The study found three factors that make men more likely to serve in the county clerk role: larger populations, higher support in the area for Obama in the 2012 election, and a larger number of women in other county offices. These factors mean the county may be more liberal, so men will take on traditional women’s roles while women have the option to run for other offices. Larger counties also mean that the clerk’s role is more powerful, so men may seek it as a chance to establish themselves before seeking statewide office.

But Karen Yarbrough, elected in 2018 to the clerk position in Cook County, Illinois, bucks all these trends. Cook County, which includes Chicago, has a population of over five million, where 74% of people voted for Obama in 2012, and five of the eight elected county positions are held by women. Yarbrough, both the first woman and the first African American to hold her office, said she was motivated to run because of a 2016 ballot initiative that consolidated the county clerk’s office with the county recorder’s office, where she formerly held office. “I ran because I had started a number of initiatives at the Recorder’s Office that I didn’t want to go away,” she said. “I’ve always wanted to make sure people know about what government does for them, and the best way to do that is to bring local government to the people.”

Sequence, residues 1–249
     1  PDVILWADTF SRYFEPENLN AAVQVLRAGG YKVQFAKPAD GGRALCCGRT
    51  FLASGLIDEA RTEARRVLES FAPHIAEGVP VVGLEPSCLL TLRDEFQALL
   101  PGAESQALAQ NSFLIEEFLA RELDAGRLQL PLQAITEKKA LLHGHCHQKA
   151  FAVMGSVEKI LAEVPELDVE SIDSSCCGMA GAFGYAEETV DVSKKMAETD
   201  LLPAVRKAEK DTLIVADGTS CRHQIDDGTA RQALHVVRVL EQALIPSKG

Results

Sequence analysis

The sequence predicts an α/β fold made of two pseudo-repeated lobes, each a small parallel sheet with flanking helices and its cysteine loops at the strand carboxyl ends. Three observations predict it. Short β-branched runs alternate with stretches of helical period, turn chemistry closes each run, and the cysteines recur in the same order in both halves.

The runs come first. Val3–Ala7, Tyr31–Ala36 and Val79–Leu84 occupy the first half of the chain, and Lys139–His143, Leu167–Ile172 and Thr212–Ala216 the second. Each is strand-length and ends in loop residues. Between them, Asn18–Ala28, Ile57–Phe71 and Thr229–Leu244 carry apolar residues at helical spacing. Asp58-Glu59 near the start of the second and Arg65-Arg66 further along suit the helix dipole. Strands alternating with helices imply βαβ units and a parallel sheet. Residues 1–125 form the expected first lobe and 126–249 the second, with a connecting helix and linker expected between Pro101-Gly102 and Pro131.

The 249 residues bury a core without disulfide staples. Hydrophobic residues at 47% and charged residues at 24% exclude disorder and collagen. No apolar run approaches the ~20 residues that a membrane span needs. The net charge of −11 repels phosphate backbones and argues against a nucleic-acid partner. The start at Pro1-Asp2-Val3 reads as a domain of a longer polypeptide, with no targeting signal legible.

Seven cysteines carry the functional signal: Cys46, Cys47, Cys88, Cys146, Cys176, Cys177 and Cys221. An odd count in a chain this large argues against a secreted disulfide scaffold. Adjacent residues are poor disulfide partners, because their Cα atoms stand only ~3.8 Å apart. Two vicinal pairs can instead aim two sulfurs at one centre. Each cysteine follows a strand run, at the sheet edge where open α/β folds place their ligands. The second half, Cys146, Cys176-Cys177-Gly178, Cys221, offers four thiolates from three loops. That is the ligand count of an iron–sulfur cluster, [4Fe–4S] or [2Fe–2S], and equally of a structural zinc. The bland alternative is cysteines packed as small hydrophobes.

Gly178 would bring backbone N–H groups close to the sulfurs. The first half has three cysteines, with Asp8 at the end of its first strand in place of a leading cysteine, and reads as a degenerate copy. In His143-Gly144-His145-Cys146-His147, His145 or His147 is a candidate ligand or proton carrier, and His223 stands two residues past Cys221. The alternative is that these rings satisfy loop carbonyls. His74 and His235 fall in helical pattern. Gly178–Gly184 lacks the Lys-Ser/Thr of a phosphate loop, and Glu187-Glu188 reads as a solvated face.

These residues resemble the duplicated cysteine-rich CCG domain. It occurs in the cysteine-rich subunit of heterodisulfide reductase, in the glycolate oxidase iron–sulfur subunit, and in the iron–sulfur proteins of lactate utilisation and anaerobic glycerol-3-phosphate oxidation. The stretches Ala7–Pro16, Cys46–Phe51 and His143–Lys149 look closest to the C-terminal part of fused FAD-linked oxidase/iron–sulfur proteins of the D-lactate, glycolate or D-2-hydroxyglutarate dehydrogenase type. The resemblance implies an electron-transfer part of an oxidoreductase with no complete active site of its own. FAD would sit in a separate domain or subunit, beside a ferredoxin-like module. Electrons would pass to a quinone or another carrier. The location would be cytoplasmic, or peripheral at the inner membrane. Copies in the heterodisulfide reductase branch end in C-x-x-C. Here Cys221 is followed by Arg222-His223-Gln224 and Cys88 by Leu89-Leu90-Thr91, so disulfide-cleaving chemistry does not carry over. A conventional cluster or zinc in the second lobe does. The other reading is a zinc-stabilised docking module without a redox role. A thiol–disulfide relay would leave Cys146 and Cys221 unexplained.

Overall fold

Yarbrough said her personal experience in politics, which started in the state legislature, confirmed a theory of Heidbreder’s—women in elected office tend to prioritize citizen outreach more than men. “I’ve always seen connecting government to community as a priority,” she said. “Many women I know in county government or otherwise tend to have very strong outreach plans with town halls, and the like.”

Yarbrough also said her time serving in the state legislature showed her how collaborative women in elected office are. “When I was in Springfield,” she said, referencing the state capital, “one of the most engaged caucuses was the women’s caucus. When we came together, and we went to talk to the governor about issues we cared about, we were heard, and in nine out of ten cases, we got our issues addressed. We governed more holistically.”

Though some in her position might angle for a statewide office after serving as county clerk, Yarbrough said she’s happy where she is. “There’s plenty to do here as we streamline government and make it work better for the people,” she said. As her office oversees the third-largest election district in the U.S., some might argue that she already occupies one of the most influential positions in the state.

But in other counties, Heidbreder said it’s important to look at how women are using the position of city clerk to expand the representation of women in other offices as well. The study notes that “the numerical overrepresentation of women in the position of county clerk is not necessarily indicative of real progress in women’s representation in positions of power.” 

Heidbreder said that while having more women in office is certainly a good thing, she thinks broader representation will come when women start to use the job as a launching pad to state office. “That might change the gendered way in which people view political leaders,” she said.

Emma Coleman is the assistant editor for Route Fifty.